It is known that developer Human Head Studios had planned something vastly different for the follow up to the original 2006 sci-fi hit Prey than what we got from Arkane Studios earlier this month.
The reason for Prey 2’s cancellation stemmed from a legal/buyout dispute between Human Head and Bethesda. While the legal wrangling involved is somewhat interesting, more intriguing is the game that we missed out on because of the feud. Bethesda and Human Head announced Prey 2 back at E3 2011, so a recap of what they showed us might be in order.
Like 2017’s Prey, Human Head’s Prey 2 was not going to have much to do with the original title; at least not for what they showed us at E3 2011. The only connection to the first title was the origin of the protagonist. The main character, Killian Samuels was a US Marshal transporting a prisoner onboard the plane that wrecked on the mothership (the Sphere).
If you played the first game, you might recall watching the plane crash while fighting your way through the Sphere, and being stunned at the size and scope of the alien vessel.
Prey 2 picks up just after the crash and has Killian fighting his way out of the wreckage. During his struggle, he gets taken by surprise and gets knocked out by an alien. When he awakens, he is on a planet called Exodus. Ten years pass in the strange world, and Killian becomes a bounty hunter. One of the tools of his trade is a teleporter that he straps to his bounties to instantly transport them to specific coordinates stipulated in the contract. This dynamic is important to remember as you will see later.
This little bit of plot and some gameplay were demoed at E3. However, Eurogamer’s Chris Bratt had a sit-down with several of the game’s developers and got the full story behind the game that was almost complete, but never saw the light of day (watch the video below).
While the developers had no intention of tying the game to the first Prey more than what was mentioned above, as development continued, they decided to crossover a bit more into the original universe.
As the story progressed, Killian would eventually meet up with Tommy, but it would only be Tommy’s spirit form. You may recall Tommy having a spirit guide in Prey that was his uncle who had been gruesomely killed by the aliens. However, Tommy is not dead; he merely communicates with Killian in his spirit form because aliens called the Keepers had imprisoned him. As the game progressed, Killian would come to free Tommy, and they would fight together to defeat the Keepers who were building a new Sphere to continue their conquest of Earth.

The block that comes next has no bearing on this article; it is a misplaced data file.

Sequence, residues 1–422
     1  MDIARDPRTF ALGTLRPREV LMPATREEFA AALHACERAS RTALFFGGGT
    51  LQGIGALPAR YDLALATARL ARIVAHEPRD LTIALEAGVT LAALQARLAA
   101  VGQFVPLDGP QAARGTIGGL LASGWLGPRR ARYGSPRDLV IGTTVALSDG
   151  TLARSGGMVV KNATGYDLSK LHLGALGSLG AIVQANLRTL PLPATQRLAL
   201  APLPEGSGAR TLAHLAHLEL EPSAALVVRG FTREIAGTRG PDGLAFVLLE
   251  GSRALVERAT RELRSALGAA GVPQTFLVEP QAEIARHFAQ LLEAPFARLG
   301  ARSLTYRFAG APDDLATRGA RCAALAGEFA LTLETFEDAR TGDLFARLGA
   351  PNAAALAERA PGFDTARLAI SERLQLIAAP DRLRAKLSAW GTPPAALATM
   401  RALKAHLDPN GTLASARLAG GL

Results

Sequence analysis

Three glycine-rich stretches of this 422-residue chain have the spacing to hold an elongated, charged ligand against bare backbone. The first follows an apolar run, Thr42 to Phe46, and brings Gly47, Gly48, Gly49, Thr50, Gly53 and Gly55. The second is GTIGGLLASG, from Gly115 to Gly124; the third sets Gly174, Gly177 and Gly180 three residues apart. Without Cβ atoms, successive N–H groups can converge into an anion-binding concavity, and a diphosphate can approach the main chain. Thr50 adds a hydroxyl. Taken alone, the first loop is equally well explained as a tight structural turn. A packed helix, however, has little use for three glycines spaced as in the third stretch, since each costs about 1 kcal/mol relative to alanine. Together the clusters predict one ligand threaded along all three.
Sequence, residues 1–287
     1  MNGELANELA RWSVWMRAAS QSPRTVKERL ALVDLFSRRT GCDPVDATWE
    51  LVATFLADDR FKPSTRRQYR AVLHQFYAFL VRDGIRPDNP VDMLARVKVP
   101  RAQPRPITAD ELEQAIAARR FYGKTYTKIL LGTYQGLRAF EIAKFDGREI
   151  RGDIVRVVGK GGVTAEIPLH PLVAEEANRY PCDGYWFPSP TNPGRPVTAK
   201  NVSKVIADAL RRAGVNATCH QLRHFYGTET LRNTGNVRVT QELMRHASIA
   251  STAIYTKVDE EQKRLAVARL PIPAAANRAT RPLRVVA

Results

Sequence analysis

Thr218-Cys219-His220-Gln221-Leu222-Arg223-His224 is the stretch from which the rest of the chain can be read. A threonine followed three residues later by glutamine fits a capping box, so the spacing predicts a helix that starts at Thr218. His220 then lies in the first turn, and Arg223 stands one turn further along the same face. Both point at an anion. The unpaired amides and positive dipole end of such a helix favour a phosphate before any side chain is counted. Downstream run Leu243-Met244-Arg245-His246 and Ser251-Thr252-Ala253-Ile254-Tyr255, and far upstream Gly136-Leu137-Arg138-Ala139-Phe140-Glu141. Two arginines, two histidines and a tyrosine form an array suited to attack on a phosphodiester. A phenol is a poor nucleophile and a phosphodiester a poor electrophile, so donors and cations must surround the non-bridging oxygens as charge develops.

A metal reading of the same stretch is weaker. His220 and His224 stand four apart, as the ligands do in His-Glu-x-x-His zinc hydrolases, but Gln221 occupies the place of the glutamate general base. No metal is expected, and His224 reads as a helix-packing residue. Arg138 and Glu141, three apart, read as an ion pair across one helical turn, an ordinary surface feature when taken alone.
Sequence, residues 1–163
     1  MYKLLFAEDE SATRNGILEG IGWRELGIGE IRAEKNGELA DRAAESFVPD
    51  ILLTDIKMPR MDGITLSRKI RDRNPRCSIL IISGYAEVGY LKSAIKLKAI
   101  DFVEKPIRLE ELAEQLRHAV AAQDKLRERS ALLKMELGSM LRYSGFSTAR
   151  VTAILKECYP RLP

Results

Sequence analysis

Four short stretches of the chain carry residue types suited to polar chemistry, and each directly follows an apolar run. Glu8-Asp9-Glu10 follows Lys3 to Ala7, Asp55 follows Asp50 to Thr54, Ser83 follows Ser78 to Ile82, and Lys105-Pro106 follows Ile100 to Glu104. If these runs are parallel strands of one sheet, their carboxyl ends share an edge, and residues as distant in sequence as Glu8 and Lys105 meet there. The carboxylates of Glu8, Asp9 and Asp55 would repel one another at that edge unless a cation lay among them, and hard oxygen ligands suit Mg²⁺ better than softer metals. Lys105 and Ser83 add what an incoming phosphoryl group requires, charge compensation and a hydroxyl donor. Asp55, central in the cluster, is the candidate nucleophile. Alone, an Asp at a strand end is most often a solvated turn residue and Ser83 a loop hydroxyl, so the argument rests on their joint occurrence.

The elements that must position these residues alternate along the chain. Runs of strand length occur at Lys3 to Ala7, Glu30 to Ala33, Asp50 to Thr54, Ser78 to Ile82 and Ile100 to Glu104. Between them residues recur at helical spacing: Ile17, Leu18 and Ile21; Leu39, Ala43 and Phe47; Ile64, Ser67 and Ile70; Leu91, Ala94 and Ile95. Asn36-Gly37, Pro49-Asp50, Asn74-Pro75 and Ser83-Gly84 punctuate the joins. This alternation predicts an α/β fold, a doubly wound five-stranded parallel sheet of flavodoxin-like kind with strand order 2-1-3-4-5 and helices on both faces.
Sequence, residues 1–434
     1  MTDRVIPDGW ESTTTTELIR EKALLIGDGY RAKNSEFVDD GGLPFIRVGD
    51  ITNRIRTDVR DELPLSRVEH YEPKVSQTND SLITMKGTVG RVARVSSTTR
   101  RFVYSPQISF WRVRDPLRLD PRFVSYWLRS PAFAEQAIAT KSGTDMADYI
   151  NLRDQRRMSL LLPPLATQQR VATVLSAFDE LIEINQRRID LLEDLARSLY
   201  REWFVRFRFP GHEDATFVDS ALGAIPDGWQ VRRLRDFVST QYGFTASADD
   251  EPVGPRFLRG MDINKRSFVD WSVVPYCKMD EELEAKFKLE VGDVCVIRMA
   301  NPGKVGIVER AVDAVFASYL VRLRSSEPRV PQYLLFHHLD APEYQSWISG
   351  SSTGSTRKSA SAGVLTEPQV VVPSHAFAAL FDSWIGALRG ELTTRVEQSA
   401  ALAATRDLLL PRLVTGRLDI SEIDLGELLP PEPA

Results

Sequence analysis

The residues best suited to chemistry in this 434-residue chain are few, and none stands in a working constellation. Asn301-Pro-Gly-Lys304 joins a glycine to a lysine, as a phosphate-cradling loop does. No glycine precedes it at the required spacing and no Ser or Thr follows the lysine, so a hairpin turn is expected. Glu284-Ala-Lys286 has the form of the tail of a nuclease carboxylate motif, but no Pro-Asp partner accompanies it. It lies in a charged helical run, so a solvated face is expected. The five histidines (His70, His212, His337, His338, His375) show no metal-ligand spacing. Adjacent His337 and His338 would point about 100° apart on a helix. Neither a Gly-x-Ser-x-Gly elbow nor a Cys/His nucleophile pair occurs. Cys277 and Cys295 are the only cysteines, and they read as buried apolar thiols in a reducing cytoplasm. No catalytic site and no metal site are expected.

When Killian meets Tommy, he thinks it is the first time they have ever met. However, every time the player dies and respawns back at his apartment, it is actually his consciousness being transferred into a clone. In fact, during the time between the plane wreck and when Killian wakes up on Exodus, seemingly for the first time, he has actually died hundreds of times fighting alongside Tommy and just cannot remember it. It is sort of like a super sci-fi version of Groundhog Day.
This plot twist is revealed toward the end of the game as Killian begins finding dead copies of himself all over the place. However, Human Head had planned a gameplay mechanic that would foreshadow this revelation in the way of respawning after dying.
Developers had conceptualized players having to pay for clones with credits they earned from bounty hunting. No credits = no clone = game over. This dynamic would cause players to think about how to approach a potential battle scenario when low on credits, e.g., “Can I afford to fight my way to this next bounty or do I need to take a stealthy approach?” It is an appealing alternative to the constant run-and-gun that is typical with most shooters.
The game had many design elements that were groundbreaking at the time, but that we’ve since seen in other games. The developers point to games like Call of Duty and Titanfall as examples.
“You look at the most recent Call of Duty game, you look at Titanfall, and it feels like we were a little bit ahead of our time there. We were doing a lot of this stuff six or seven years ago, and ultimately the industry has gone in that direction. It’s just too bad we didn’t get to have it out there first.”
The game was also to hold one final surprise, which in hindsight, would have redefined what it currently means to complete a game and start over with all your skills.
In the last chapter of the adventure, Killian is trying to escape an exploding Sphere 2 and gets blown out a window into space. In a desperate attempt to save his life, he straps on one of his teleporters and punches in random coordinates. The device sends him back to Earth, and the credits start to roll. During the closing credits, we watch as Killian lives out the rest of his life. He settles down, starts a family, and at the very end dies in a hospital bed.
The screen goes white as Killian flatlines and then the player is greeted with, “Welcome back, Killian,” as he awakens in his apartment on Exodus.
The formula of continuing your game after the ending is a mechanism that is not uncommon. It has been used in Fallout and other games, but it has never been applied in the manner in which Human Head had planned. The ending also left open the possibility of many sequels for the franchise.
Whether all these concepts and ideas would have worked in the final product, will never be known. However, on paper, Prey 2 by Human Head is an arguably more compelling game than the Prey that Arkane put out for us in 2017.